If you want to capture "Purple Rain's" raw dandified uniqueness in just one scene it would be this one part, about 57 minutes in, when Prince (who plays The Kid, a slight variation on his pre-fame self) gets to his parents' home, his troubled, abusive father nowhere to be found, and bounces through the house looking for pops. "Where are you?" The Kid shouts with a worried whine in his voice and then demands, "Answer me motherfucker!" OK, but then he stomps one foot and elegantly, angrily, spins 180 degrees in frustration. Then he goes into the basement, where he witnesses his failed-musician father shoot himself in the head. That's Prince's "Purple Rain": A movie that finds room for a baffling crowd-pleasing James Brown move amid some mad loaded emotional chaos the movie's not exactly fit to handle.
At once a scrappy coming-of-age tale, cycle-of-abuse parable, big dumb-ass musical, noir-ish misogynist wish-fulfillment hot mess, and the only music-oriented autobiopic that actually totally works (somehow), "Purple Rain" focuses on The Kid trying to make it in the Minneapolis music scene, all the while enduring an abusive household and Morris Day. It's an odd kind of vanity project, full of bumpy bizarre characterization (the Kid tricks his girlfriend into stripping down and jumping into a lake, he does ventriloquism, he jerks off his guitar, he lives in his parents' basement, he is an abusive dictatorlike boyfriend and he dresses like Prince all of the time, no matter what he's doing) in every moment where it should smooth itself out and make some sense—the result of an eccentric rock star at the height his power and all the vanity-project nonsense that comes with said power, no doubt. As you'd imagine, it's pretty much filibustering just to get to the next musical number, though how it kills time is quite special. So you get a scene where ostensible villains Morris Day and his partner Jerome do a kind of Abbot-and-Costello routine, and the movie seems to briefly become some electro-funk version of "Ladies and Gentlemen, the Fabulous Stains" whenever The Kid's bandmates Wendy and Lisa appear.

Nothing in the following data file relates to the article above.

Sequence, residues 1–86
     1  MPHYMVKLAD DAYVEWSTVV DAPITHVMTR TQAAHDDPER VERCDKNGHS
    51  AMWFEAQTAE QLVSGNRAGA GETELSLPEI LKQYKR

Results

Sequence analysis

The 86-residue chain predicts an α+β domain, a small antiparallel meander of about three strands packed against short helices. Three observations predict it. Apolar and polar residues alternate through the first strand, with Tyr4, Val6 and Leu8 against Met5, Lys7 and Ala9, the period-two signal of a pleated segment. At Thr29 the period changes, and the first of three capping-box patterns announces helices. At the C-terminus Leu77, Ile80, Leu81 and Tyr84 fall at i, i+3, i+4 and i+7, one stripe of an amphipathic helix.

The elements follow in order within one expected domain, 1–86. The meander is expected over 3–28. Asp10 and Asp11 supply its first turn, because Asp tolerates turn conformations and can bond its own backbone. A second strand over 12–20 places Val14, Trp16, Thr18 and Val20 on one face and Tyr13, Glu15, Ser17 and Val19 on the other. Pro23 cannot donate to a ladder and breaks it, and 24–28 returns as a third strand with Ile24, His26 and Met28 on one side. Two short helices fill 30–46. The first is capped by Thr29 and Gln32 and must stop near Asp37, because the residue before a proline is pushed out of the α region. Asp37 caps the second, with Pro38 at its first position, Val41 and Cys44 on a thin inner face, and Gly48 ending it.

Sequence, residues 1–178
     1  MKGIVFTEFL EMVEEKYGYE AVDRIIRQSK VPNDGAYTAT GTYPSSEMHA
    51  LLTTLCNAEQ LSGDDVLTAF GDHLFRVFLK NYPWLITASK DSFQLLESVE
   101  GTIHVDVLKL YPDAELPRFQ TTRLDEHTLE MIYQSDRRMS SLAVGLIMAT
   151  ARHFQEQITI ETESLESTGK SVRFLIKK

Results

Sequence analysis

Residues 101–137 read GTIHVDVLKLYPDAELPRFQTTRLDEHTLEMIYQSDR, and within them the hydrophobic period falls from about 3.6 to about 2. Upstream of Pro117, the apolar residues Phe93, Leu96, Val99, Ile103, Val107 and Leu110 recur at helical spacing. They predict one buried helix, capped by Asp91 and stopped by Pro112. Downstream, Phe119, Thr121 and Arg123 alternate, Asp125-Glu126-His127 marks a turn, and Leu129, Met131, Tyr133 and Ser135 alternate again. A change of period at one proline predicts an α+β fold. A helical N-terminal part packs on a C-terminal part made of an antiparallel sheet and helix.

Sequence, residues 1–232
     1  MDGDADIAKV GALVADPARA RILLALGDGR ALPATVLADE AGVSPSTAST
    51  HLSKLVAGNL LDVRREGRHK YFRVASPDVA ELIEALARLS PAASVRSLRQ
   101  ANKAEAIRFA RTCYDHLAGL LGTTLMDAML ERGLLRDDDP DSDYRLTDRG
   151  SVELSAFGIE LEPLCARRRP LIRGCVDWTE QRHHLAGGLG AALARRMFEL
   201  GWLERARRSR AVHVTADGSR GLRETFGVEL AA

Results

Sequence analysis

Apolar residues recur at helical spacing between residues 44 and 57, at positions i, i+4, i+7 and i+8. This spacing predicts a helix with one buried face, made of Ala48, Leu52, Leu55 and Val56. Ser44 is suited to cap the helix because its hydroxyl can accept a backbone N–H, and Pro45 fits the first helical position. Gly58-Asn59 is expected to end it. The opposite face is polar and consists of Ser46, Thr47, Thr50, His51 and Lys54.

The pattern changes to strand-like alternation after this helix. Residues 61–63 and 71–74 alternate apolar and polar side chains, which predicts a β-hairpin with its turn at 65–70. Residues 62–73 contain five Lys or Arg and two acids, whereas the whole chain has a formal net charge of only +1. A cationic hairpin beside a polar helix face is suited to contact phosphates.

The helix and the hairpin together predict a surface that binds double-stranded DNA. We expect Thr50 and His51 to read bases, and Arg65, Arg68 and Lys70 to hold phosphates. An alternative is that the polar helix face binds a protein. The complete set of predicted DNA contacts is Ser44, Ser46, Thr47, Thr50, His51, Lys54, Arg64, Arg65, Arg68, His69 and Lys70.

Then there are the musical sequences, which are some of the most captivating in pop music and redirect the movie's meandering focus back to the odd charisma of Prince—twerpy and pervy and never all that comfortable in front of the camera and doing a Brando mumble meets Chaplin-like smirk (is that why the Purple One's The Kid in this?) to compensate, but onstage, a tiny little ball of provocative, awkward sexuality and guitar skillz, oh man, he's the best.